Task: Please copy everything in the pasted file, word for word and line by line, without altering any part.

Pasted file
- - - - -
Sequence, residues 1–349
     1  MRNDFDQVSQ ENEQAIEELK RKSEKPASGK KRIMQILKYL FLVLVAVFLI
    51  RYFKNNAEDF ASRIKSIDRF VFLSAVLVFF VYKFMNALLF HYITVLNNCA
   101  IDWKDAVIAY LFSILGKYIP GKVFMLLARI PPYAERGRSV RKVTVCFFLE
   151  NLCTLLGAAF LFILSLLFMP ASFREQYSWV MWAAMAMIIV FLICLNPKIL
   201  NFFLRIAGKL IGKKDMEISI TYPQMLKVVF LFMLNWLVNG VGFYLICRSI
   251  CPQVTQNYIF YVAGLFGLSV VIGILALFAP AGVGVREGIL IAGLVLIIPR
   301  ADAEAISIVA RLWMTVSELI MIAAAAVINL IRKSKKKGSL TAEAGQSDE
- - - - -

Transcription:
Sequence, residues 1–349
     1  MRNDFDQVSQ ENEQAIEELK RKSEKPASGK KRIMQILKYL FLVLVAVFLI
    51  RYFKNNAEDF ASRIKSIDRF VFLSAVLVFF VYKFMNALLF HYITVLNNCA
   101  IDWKDAVIAY LFSILGKYIP GKVFMLLARI PPYAERGRSV RKVTVCFFLE
   151  NLCTLLGAAF LFILSLLFMP ASFREQYSWV MWAAMAMIIV FLICLNPKIL
   201  NFFLRIAGKL IGKKDMEISI TYPQMLKVVF LFMLNWLVNG VGFYLICRSI
   251  CPQVTQNYIF YVAGLFGLSV VIGILALFAP AGVGVREGIL IAGLVLIIPR
   301  ADAEAISIVA RLWMTVSELI MIAAAAVINL IRKSKKKGSL TAEAGQSDE